4-26-2011; Can we get a “mulligan” on this one?

As Larry the Cable Guy says, you can’t write this stuff—the name of the ruling is Mulligan v. IWCC. If you don’t know what a “mulligan’ is; in golf parlance, it is a “do-over” without penalty due to a poor golf stroke. Having read what we consider a somewhat baffling ruling by the Appellate Court, Workers’ Compensation Division, we are wondering if there might be the legal equivalent of about four mulligans out there somewhere for the reasons we outline.


From a purely academic perspective, we feel this ruling criss-crosses all over the WC block. The majority ruling indicates the main dispute is the disclosure requirement in Section 12 of our WC Act. If you aren’t aware of the requirement, when either party gets a Section 12 medical evaluation of a claimant, they have to disclose it 48 hours prior to the “hearing” of the claim or it is potentially inadmissible.


Then let’s review a truly odd set of facts. Claimant asserts he was injured in two separate events waaaaay back in 1994. The Applications for Adjustment of Claim were filed waaaaay back in 1995. If you are wondering how claims from prior to Y2K are still dragging on, please understand our view claimant hired one of the sloooooowest claimant attorneys of all. If you want some idea of how slow this claimant attorney is, please go to any Quincy, Illinois status call and look at the oldest claims. If you look at the March 2011 status call online at http://www.iwcc.il.gov/pdfs/dwnscall/jan-jun/tobi0105.pdf, you will note this attorney has seven of the ten oldest and moldiest claims. The oldest claim is thirteen years old and still pending at arbitration. Numerous Arbitrators have dealt with this attorney and fought and fought to get him to move claims faster with limited success.


Arbitration hearings on these 1994 accidents and 1995 filings started more than ten years after the first claimed event in 2004. The hearings ended two years later in 2006—again, a strikingly slow trial pace which we assure you was not the Arbitrator’s fault. The facts of the claim indicate claimant had a total knee replacement prior to slipping and falling at Chicago’s Midway Airport in 1994 and straining the leg. He did not produce any medical records of care and did not lose any time from work. In the second accidental occurrence, claimant again fell and suffered soft tissue injuries. Again, while he started treating more frequently after the second occurrence, it does not appear he lost time from work. Three years after the occurrence, claimant’s total knee prosthesis was replaced. Four years after these events, claimant’s cervical spine underwent what the decision says is a four-level “laminectomy.” This is somewhat odd from a medical perspective because a laminectomy is a procedure performed in anticipation of a discectomy.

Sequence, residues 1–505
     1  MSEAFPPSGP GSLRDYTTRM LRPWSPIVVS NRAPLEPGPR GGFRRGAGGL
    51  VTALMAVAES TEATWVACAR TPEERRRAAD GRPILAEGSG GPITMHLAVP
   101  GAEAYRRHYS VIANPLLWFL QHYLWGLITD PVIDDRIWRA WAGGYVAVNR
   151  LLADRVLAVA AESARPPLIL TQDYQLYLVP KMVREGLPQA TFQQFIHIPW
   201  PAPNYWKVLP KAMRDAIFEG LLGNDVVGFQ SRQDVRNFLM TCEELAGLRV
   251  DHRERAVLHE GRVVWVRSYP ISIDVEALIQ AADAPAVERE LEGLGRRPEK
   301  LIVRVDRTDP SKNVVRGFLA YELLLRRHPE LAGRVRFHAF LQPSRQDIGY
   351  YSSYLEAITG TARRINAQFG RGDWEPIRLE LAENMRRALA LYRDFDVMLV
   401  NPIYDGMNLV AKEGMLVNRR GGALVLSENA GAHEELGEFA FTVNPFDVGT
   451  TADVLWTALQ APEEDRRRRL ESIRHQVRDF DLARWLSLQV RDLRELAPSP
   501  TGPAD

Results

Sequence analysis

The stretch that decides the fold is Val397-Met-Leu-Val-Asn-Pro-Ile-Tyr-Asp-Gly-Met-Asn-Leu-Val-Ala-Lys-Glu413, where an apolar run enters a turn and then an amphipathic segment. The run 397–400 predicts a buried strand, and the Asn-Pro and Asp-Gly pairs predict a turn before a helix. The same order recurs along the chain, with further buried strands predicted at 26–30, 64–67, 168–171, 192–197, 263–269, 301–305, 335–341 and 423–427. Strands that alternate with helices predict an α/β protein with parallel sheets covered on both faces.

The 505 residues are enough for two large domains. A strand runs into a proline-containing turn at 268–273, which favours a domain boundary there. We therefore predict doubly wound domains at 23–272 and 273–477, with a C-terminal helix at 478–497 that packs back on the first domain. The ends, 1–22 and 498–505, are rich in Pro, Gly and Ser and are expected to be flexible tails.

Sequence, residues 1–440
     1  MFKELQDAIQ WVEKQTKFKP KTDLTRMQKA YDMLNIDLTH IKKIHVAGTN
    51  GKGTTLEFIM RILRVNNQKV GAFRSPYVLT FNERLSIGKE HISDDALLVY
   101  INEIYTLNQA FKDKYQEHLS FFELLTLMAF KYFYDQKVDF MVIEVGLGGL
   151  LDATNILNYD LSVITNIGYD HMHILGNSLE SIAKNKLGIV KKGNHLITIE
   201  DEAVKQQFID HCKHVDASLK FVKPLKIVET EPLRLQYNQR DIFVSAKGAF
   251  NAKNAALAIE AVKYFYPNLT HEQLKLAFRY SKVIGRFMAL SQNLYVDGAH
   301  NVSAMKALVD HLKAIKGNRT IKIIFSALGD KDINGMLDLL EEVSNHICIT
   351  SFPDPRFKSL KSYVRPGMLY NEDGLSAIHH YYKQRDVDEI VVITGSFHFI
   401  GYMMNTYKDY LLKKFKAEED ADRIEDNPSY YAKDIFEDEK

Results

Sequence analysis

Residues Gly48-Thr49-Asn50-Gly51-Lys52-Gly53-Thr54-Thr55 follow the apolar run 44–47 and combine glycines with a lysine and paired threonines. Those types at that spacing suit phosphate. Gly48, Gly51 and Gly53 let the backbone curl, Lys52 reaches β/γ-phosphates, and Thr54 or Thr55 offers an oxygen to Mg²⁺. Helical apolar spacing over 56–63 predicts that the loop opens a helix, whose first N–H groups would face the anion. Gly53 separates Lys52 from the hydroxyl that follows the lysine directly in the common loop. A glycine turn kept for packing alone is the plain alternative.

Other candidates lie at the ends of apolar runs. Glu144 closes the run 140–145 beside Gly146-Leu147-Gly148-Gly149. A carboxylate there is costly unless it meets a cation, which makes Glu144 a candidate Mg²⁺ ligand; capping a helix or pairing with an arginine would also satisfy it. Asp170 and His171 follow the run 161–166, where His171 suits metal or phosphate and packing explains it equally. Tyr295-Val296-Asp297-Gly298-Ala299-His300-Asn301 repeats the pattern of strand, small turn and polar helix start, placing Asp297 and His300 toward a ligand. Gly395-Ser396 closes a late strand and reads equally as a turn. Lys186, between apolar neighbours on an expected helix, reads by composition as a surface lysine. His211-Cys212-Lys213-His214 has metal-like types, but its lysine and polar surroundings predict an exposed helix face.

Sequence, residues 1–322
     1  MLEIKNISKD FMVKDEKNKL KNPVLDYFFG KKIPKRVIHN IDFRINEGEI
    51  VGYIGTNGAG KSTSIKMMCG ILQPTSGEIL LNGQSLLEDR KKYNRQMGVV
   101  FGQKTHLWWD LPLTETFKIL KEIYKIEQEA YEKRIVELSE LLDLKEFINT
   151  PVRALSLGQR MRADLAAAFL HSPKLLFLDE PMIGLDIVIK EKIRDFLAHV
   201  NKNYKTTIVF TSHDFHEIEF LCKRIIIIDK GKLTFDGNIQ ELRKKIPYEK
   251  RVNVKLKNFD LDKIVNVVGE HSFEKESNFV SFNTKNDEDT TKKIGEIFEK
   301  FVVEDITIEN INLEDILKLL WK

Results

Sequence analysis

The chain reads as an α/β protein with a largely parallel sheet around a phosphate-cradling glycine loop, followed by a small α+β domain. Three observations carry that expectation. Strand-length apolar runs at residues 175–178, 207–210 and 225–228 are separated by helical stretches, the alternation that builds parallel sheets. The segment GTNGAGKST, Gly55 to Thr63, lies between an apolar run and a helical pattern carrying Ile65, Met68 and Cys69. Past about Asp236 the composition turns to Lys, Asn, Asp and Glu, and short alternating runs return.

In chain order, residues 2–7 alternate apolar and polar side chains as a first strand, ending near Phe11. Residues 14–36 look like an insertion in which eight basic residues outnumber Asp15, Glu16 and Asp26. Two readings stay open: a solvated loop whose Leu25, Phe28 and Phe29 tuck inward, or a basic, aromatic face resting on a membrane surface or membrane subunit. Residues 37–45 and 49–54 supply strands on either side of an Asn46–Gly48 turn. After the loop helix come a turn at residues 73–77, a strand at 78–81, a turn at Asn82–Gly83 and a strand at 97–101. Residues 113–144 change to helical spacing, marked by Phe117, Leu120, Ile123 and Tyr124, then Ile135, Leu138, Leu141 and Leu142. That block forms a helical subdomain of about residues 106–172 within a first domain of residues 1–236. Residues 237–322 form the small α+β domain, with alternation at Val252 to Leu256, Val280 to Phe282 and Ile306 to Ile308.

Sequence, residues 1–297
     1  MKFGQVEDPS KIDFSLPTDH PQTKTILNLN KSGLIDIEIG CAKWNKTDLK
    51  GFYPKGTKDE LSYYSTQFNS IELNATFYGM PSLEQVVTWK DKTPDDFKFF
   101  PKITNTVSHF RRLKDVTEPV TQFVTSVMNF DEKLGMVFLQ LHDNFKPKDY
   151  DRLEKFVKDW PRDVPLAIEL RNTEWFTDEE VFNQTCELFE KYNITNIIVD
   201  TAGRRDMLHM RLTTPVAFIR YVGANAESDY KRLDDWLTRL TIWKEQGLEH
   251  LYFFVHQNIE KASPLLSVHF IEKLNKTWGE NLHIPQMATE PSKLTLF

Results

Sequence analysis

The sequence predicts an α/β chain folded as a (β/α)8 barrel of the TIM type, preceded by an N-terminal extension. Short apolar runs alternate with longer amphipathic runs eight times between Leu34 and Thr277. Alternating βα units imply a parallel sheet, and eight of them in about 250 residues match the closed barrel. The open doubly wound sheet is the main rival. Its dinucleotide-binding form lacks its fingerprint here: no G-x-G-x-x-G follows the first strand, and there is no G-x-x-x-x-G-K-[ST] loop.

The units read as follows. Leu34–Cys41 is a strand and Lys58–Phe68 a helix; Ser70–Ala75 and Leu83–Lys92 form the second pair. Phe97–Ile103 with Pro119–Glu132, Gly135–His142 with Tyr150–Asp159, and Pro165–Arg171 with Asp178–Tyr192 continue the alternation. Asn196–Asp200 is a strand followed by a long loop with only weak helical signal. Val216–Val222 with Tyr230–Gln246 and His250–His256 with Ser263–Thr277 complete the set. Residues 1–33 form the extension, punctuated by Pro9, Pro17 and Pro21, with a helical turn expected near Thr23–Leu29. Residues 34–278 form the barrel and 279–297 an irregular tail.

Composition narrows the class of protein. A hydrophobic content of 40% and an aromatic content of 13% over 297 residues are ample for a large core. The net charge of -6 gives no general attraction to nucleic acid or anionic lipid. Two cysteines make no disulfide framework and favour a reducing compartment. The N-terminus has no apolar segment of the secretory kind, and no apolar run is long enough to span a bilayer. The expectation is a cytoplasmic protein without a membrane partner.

Claimant’s attorney presented two doctors as experts. One doctor felt the accidents caused the knee revision and cervical surgery. The second doctor provided a similar opinion and asserted claimant was totally and permanently disabled from all work.


The defense attorney sought to present two physicians as experts. The first was an IME doctor who examined claimant in 1999. Six months after the first hearing in 2004, the defense attorney requested the right to depose his expert and the Arbitrator conducted a hearing and granted the request. The deposition was then conducted.


There is no question the second expert for Respondent was retained after the first hearing started in 2004. He did not examine claimant at any time—he simply reviewed records and provided an expert medical opinion. The second expert testified in July 2005. Proofs on the claim weren’t closed for another full year!!! At the final hearing, the evidence deposition of the other defense expert was admitted into evidence.